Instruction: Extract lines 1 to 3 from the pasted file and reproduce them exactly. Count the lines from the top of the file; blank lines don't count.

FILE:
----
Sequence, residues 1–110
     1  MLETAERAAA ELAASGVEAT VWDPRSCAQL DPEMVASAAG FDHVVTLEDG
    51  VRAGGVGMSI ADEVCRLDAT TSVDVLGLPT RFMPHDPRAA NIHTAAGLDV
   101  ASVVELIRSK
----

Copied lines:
Sequence, residues 1–110
     1  MLETAERAAA ELAASGVEAT VWDPRSCAQL DPEMVASAAG FDHVVTLEDG
    51  VRAGGVGMSI ADEVCRLDAT TSVDVLGLPT RFMPHDPRAA NIHTAAGLDV